The Latinization of Chinese characters will ultimately prove to be one of the most important developments in the history of writing.  We usually attribute this epochal achievement to the Italian Jesuit priest, Matteo Ricci (1552-1610), but he was assisted in that monumental endeavor by several individuals.  One of the most important of these was the Jesuit Nicolas Trigault (1577–1628), whose Xīrú ěrmù zī 西儒耳目資 (An Aid to the Eyes and Ears of Western Literati) helped to establish the alphabetization of Sinitic on a solid footing.

In "Printed Editions of the Xiru Ermuzi", Memoirs of the Research Department of the Toyo Bunko, no. 79 (2021), 1-32, TAKATA Tokio has carried out a detailed codicological study of all editions and copies of Trigault's text.  In the process, he has brought to light two hitherto unknown editions of Xiru Ermuzi, greatly enhancing our understanding of the development of this vital work.  Takata's study is extremely detailed and heavily footnoted.  Here I present his Introduction and Concluding Remarks.

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Mutilating Hangeul: visual puns as a parallel orthography

Bizarre scriptplay in Korea:

[Newsmaker] "What is ‘daengdaengi?’ Government’s use of Hangeul slang stirs controversy"
By Lim Jae-seong, The Korea Herald (Oct 7, 2022)

The article is rather long.  Here I quote only the first portion, but will summarize some of the more important points at the bottom.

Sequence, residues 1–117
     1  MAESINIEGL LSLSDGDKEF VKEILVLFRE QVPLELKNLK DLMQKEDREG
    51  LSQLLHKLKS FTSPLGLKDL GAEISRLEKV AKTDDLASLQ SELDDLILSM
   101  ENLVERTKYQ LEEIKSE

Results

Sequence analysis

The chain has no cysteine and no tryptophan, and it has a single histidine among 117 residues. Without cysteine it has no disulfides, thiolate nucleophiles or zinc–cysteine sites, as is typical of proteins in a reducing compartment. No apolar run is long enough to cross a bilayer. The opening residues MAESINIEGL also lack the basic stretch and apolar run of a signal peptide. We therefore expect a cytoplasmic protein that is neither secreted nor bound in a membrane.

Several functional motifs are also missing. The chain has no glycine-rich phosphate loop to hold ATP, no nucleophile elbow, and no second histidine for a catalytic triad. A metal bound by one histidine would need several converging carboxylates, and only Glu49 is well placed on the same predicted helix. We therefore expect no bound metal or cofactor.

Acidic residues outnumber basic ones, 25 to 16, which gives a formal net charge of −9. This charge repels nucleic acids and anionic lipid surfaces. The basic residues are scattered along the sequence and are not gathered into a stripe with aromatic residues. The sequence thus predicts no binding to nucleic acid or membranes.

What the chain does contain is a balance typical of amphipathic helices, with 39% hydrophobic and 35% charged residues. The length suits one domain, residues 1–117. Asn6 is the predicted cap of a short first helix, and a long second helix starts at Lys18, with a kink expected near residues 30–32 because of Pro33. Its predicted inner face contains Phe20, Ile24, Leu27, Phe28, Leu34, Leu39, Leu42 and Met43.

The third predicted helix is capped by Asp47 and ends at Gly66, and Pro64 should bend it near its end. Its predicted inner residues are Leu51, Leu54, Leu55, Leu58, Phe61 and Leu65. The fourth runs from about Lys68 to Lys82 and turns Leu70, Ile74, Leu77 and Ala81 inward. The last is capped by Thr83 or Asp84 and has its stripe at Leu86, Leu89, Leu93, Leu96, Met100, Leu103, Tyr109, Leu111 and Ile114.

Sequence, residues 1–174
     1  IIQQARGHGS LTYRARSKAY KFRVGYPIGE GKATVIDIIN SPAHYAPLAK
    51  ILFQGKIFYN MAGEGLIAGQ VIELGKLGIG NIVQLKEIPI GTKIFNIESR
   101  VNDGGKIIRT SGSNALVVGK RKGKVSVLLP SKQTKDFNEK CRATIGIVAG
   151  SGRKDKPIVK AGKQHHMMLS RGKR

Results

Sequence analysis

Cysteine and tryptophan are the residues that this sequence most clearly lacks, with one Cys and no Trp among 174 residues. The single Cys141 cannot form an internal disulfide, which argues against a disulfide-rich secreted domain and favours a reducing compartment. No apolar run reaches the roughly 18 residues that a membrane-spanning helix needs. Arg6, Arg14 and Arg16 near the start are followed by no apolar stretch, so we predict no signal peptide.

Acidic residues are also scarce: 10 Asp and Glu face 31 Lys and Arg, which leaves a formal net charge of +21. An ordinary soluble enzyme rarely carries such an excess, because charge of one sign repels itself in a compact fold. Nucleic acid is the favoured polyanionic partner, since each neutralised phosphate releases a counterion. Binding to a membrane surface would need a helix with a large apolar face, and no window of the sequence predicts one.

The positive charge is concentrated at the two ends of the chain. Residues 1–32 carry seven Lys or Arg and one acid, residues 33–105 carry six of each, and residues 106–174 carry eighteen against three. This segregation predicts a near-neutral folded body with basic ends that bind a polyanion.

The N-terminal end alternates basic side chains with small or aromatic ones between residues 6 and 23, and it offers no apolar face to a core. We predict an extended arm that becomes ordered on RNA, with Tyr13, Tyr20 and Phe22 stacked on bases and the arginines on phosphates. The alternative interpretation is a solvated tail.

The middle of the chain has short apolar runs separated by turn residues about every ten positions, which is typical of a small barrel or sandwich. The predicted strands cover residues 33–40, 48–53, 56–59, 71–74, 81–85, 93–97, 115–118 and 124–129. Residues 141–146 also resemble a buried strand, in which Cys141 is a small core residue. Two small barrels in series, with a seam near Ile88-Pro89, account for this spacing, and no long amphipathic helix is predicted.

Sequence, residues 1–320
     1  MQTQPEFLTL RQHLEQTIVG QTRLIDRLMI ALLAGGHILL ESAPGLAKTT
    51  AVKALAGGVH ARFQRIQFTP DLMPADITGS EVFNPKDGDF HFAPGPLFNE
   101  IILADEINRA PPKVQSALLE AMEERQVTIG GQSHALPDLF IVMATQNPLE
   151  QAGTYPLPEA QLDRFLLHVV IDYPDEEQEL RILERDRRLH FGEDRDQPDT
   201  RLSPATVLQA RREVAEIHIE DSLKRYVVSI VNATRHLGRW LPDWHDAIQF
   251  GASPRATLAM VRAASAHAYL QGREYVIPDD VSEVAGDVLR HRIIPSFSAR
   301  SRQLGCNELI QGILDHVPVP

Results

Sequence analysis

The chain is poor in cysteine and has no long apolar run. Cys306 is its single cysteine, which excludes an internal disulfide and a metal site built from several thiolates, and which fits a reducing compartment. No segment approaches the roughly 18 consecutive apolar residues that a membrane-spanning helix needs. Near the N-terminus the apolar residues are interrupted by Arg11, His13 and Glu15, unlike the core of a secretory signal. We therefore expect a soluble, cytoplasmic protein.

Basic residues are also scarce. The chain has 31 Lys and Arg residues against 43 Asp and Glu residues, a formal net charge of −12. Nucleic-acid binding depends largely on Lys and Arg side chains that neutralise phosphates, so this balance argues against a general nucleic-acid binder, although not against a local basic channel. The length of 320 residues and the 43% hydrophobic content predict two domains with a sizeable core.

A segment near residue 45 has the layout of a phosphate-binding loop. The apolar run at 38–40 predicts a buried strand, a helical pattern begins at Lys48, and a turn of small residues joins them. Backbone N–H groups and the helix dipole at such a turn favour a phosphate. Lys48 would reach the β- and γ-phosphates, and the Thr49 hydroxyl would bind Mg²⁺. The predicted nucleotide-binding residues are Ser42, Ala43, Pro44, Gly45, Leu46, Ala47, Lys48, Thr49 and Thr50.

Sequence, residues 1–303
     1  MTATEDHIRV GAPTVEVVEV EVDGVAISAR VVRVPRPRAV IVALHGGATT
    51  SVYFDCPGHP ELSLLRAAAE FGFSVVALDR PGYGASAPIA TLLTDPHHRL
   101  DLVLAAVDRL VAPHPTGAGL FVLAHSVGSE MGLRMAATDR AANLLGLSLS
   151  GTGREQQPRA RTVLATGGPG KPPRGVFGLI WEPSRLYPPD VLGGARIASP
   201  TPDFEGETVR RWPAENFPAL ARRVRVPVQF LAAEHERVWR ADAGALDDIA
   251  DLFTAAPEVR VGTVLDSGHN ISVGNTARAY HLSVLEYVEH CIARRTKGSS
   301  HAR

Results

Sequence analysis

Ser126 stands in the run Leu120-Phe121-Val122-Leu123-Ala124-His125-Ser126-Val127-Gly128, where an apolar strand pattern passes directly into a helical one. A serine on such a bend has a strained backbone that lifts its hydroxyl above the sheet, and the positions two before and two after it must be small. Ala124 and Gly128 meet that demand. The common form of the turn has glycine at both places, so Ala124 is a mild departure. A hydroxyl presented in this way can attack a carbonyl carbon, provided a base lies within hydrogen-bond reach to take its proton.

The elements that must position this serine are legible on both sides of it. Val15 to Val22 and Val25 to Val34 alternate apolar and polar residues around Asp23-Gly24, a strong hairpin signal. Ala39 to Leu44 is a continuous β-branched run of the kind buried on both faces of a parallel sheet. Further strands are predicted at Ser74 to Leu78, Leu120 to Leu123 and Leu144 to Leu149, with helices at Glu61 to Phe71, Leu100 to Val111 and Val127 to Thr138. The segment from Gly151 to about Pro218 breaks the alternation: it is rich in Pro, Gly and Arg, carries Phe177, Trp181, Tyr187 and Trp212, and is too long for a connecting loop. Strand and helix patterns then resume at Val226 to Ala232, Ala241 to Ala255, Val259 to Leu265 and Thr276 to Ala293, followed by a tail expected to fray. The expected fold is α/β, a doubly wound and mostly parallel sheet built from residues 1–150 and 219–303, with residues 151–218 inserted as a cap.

The National Institute of Korean Language’s use of slang words on its recent social media post has stirred controversy, questioning whether it is right for the state-run language regulator to use a distorted version of the language.

To mark the upcoming Hangeul Day on Sunday, the institute had posted an image to announce its special event on its Twitter account last month. In the posted image, it asked the followers what their views are on using the so-called “Yaminjeongeum.”

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(A)tayal, Chinese, and English trilingual signs in Taiwan

Photographs by Mark Swofford from Fuxing District of Taoyuan City:

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Latin letters as phonophores

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Chinatown without Chinese

Diana Zhang was in Lima, Peru last week, and this is what she saw:

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Huge Pinyin on storefronts in Sichuan

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A little Sinograph game

For cognoscenti.

Directions

Here's an amazing little game that was played by two of the brightest Sinology PhD candidates I've ever met.  It is a conversation between X and Y.  Y initiated the conversation by typing to X, without telling X the secret of the game.  When X received Y's first message, she immediately got what Y meant.  She understood as soon as she received his e-mail, then replied to him (by typing) in the same manner that he wrote to her.  And so off they went on their merry way in Lexiland!

Here I copy-paste this little hànzì yóuxì 汉字游戏 for Language Log readers who are well-versed in Sinographs and want to give it a try.  Even those who do not know any Chinese characters might still be able to gain a sense of how the game proceeds and what it signifies.

The "answer sheet” is at the bottom of this post. Please scroll down to the very, very end to see the answers. However, don’t look at the dá'àn 答案 ("solution") before trying really hard by yourself!

Warning!

This game is devilishly difficult.